BISHOPS, PRIESTS AND DEACONS MUST BE BEARDED
Note that the present Canon censures the priests of the Latins who shave off their moustache and their beard and who look like very young men and handsome bridegrooms and have the face of women. For God forbids men of the laity in general to shave their beard, by saying: “You shall not mar the appearance of your bearded chin” (Leviticus 19:27). But He specially forbids those in Holy Orders to shave their beard, by saying to Moses to tell the sons of Aaron, or, in other words, the priests, not to shave the skin of their bearded chin (Leviticus 21:5, Not only did He forbid this in words, but He even appeared to Daniel with whiskers and beard as the Ancient of Days (Daniel 7:9); and the Son of God wore a beard while he was alive in the flesh. And our Forefathers and Patriarchs and Prophets and Apostles all wore beards, as is plainly evident from the most ancient pictures of them wherein they are painted with beards. But, more to the point, even the saints in Italy, like St. Ambrose, the father of monks Benedict, Gregory Dialogus, and the rest, all had beards, as they appear in their pictures painted in the church of St. Mark in Venice.
Why, even the judgment of right reason decides the shaving of the beard to be improper. For the beard is the difference which in respect of appearance distinguishes a woman from a man. That is why a certain philosopher when asked why he grew a beard and whiskers, replied that as often as he stroked his beard and whiskers he felt that he was a man, and not a woman. Those men who shave their beard are not possessors of a manly face, but of a womanly face. Hence it was that Epiphanios blamed the Massalians for cutting off their beard, which is the visage peculiar to man as distinguished from woman.
BEARDS ARE THE CORRECT APPEARANCE FOR A CHRISTIAN MAN
The Apostles in their Injunctions, Book I, Chapter 3 command that no one shall destroy the hair of his beard, and change the natural visage of the man into one that is unnatural. “For,” says he, “God the Creator made this to be becoming to women, but deemed it to be out of harmony with men.” The innovation of shaving the beard ensued in the Roman Church a little before Leo IX. Gregory VII even resorted to force in order to make bishops and clerics shave off their beard. What a most ugly and most disgusting sight it is to see the successor of St. Peter close-shaven, as the Greeks say, like a “fine bridegroom,” with this difference, however, that he wears a stole and a pallium, and sits in the chief seat among a large number of other men like him in a council called the college of cardinals, while he himself is styled the Pope. Yet bearded Popes did not become extinct after insane Gregory, a witness to this fact being Pope Gelasius growing a beard, as is stated in his biography. See the Dodecabiblus of Dositheos, pages 776-8. Meletios the Confessor (subject 7, concerning unleavened wafers) states that the king arrested a certain Pope by the name of Peter on account of his lascivious acts and one half of his beard was shaven off as a mark of dishonor. According to another authority, in other temples too there were princes, even on the clerical list, who had a beard, as in Leipzig they are to be seen painted after Martin Luther in the church called St. Paul’s and that called St. Thomas’s. I saw the same things also in Bardislabia.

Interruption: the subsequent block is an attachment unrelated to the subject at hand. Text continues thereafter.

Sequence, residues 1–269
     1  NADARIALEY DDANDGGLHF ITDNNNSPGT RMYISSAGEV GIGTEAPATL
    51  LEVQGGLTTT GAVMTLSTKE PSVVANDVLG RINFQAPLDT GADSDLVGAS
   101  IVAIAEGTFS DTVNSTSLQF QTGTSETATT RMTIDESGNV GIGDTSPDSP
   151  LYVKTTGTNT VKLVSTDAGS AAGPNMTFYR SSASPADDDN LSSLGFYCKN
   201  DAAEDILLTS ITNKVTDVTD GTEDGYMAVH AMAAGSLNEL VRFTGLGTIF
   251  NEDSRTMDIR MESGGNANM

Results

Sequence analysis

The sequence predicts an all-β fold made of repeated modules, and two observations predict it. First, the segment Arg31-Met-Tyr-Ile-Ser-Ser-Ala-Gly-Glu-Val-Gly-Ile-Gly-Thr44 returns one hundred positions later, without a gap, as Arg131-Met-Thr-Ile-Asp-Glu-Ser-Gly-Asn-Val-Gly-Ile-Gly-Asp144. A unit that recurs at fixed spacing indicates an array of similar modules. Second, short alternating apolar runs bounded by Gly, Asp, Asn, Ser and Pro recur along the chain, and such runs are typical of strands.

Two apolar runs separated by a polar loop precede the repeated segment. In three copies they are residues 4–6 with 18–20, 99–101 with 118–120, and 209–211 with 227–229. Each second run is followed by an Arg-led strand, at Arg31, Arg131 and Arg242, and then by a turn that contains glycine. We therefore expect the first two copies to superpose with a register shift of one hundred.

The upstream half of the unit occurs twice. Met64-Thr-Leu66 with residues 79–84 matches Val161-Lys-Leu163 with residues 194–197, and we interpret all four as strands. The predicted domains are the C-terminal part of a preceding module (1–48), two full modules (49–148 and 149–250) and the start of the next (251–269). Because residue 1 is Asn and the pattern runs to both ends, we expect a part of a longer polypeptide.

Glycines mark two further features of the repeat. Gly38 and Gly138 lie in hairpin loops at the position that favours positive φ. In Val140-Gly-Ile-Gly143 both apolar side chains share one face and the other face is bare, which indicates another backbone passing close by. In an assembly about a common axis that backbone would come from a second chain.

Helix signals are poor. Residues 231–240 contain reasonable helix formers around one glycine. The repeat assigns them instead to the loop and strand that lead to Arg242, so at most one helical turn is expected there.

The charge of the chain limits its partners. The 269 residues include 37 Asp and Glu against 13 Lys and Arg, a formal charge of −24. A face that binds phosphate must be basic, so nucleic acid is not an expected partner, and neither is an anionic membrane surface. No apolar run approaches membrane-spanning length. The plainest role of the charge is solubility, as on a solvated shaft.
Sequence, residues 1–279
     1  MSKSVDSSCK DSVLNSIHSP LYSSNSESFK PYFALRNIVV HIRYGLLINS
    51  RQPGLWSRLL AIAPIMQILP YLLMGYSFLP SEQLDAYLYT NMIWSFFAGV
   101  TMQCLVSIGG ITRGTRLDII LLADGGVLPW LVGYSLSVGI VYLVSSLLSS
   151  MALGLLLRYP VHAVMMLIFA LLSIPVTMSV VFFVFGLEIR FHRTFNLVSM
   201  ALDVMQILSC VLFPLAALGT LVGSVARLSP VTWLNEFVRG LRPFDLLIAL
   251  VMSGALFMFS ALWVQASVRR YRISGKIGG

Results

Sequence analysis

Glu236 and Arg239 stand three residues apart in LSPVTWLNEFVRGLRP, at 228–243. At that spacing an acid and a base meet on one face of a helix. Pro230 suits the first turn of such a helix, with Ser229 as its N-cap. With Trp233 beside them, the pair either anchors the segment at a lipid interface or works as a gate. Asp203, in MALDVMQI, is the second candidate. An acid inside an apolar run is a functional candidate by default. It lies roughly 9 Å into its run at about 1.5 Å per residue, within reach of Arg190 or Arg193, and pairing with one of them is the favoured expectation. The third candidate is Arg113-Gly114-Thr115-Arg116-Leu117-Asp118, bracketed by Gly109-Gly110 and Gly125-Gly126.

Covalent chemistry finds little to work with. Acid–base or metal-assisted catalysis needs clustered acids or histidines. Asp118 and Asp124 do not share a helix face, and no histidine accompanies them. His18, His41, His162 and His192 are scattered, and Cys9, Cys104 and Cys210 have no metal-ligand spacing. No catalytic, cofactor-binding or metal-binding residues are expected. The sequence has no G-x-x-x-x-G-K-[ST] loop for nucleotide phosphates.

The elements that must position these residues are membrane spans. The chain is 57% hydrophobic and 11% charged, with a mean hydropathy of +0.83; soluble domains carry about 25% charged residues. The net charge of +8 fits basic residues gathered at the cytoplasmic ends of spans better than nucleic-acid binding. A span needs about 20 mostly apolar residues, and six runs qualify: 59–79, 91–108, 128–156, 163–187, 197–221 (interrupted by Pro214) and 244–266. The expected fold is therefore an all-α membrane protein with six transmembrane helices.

these actually come from page 785 of the electronic version. Here is the beginning of "the commentary" that you suppose that it is.
That quote is part of the footnotes of an ecumenical council! Not commentary
FOOTNOTES TO THE HOLY AND ECUMENICAL
FIFTH-SIXTH OR SIXTH SYNOD 1. PROOF THAT THIS IS A TRUE ECUMENICAL SYNOD
For many reasons, the present Synod is called and is an Ecumenical Synod:
1. Because in the salutatory address that it makes to Justinian, as well as in its third Canon, it labels itself Ecumenical.
2. Because the Seventh Ecumenical Synod in its Act 8 in its first Canon also calls it an Ecumenical Synod. In addition, Adrian I, the Pope of Rome, in his letter to Tarasius, recorded in Act 2 of the 7th Ecumenical Synod (page 748 of the Collection of the Synods), counts this among the Ecumenical Synods.
3. ECUMENICAL IN CHARACTER
Because in its Canons it lays down legislation and pronounces decrees relating, not to any one part of the inhabited earth, but to the whole inhabited portion of the globe, to both Eastern and Western churches; and it specifically refers to Rome, and to Africa, and to Armenia, to the provinces in Barbary – as appears in Canons XII, XIII XVIII, XXIX, XXXV, and XXXVI. It would be ridiculous, of course, for it to lay down legislation for so many and so widely distributed provinces, and especially to improve upon Canons of many local and regional Synods and Synods, were it not in reality an Ecumenical Synod, and had it not in reality the dignity and office of an Ecumenical Synod. As concerning this see the Footnote to its Canon II.
4. ALL PATRIARCHS INCLUDING POPE OF ROME ATTENDED
Because all of the four Patriarchs of the inhabited earth attended it, and so did the Pope of Rome through his legates (or lieutenants, or proxies, or deputies); and the churches everywhere on the face of the earth recognized it and accepted it – a fact which serves as an essential mark of identification and a constitutive characteristic, or constituent feature of Ecumenical Synods.